Albums of the year 2017 #4 — Critics’ view — 7 old hands

In the previous post we looked at debut albums in the top 50. This time we jump to the opposite end of the spectrum of experience. I’ve defined “old hands” to be artists with more than five album releases. There are seven artists in the top 50 that meet this criterion.

4:44 by Jay-Z (#10) is his 18th album since his debut in 1996. That makes Jay-Z easily the most prolific artist on the top 50. He has also been very productive — 18 albums in 21 years for an average of just under an album per year.

Most prolific artist in the critics’ top 50 — Jay-Z with 4:44 (#10)

Bjork is the next most prolific. Utopia (#22) is her 14th album, the first having been released in 1977, when she was just 12 years old. This gives Bjork by far the longest recording career of the old hands — 40 years. She did not, however, release another solo album after her debut until 1990. Even if her recording career was measured from that point, she would still have the longest career in the top 50.

Longest career in the critics’ top 50 — Bjork with Utopia (#22)

The most productive artist in the top 50 is Mount Eerie (AKA Phil Everum). A Crow Looked at Me (#13) was his 12th in as many years, just pipping Jay-Z for the most productive artist.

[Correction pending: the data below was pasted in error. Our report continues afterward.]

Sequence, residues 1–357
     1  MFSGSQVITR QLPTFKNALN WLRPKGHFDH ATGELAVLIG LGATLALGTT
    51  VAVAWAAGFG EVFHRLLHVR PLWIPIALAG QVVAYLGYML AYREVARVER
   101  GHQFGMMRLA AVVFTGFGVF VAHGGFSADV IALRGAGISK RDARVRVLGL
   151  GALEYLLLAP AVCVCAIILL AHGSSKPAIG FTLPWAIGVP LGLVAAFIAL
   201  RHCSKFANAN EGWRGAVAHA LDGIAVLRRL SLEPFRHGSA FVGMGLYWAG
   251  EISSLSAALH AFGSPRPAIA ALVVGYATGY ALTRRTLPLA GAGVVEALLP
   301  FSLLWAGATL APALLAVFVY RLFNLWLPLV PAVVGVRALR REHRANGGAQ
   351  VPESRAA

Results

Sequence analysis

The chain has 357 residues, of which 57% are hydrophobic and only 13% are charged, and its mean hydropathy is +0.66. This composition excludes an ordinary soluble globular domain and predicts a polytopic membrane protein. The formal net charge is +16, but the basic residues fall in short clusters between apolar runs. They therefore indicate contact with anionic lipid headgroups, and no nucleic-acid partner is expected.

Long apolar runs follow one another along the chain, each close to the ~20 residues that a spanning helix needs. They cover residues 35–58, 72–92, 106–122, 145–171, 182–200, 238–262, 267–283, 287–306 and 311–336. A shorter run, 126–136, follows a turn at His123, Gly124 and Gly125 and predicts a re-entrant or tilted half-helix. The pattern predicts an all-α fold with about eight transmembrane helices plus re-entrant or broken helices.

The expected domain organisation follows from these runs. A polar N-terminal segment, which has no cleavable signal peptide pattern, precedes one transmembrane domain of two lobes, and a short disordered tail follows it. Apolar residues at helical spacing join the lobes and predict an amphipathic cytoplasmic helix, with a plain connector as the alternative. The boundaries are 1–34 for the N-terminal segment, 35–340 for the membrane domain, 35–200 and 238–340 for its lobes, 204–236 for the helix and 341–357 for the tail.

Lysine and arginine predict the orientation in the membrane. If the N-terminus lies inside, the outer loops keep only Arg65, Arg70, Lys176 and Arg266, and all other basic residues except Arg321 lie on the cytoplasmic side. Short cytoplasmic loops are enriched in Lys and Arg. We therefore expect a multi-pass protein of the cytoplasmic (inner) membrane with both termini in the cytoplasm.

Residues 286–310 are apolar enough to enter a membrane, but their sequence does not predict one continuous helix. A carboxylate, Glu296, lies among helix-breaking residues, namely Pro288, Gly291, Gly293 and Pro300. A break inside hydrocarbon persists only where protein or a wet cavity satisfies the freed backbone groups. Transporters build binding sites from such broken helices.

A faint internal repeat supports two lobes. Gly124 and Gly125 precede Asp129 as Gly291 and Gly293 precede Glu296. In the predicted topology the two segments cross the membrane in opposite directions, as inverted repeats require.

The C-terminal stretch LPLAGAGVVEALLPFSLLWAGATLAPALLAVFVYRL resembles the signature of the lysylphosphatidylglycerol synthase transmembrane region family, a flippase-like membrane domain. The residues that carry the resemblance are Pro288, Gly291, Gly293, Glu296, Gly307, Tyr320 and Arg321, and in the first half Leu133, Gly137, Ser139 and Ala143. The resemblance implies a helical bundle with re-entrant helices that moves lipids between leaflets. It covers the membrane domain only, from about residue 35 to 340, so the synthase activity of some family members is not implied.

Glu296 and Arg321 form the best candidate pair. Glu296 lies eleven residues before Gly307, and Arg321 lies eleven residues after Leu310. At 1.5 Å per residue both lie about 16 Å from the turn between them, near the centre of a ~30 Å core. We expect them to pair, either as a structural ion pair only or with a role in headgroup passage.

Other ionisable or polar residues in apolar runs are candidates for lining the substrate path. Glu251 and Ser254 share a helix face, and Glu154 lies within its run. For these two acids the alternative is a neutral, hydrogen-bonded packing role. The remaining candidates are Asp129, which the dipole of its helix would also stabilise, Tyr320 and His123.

Most productive artist in the critics’ top 50 — Mount Eerie with A Crow Looked at Me (#13)

Two bands each have 7 albums — Queens of the Stone Age with Villains (#32) and The National with Sleep Well Beast (#9).

Seventh albums for QOTSA with Villains (#32) and The National with Sleep Well Beast (#9)

Rounding out the list are two female solo artists, each with 6 albums — Taylor Swift with Reputation (#36) and St. Vincent with MASSEDUCTION (#5). The latter was also the highest ranked album in this group. St. Vincent also has the shortest recording career, debuting in 2007.

Sixth albums for Taylor Swift with reputation (#36) and St. Vincent with MASSEDUCTION (#5)

The full list is in the table below.

Critics’ top 50 albums — most prolific artists

The top 50 seems to bust the myth of “the difficult second album” as the most frequent number of albums is 2. Eighteen of the top 50 are sophomore albums. FWIW the median number of albums is also 2, although the average is c.3.5.

These might be old hands — but they are not legacy acts. They all debuted in the 1990s or 2000s (excluding Bjork’s first).

Finally, US-based artists may have longer careers than their English counterparts. Six of the seven old hands originate in the USA, whereas four of the nine debutantes were English.

Look out for my next post, wherein we’ll explore gender balance.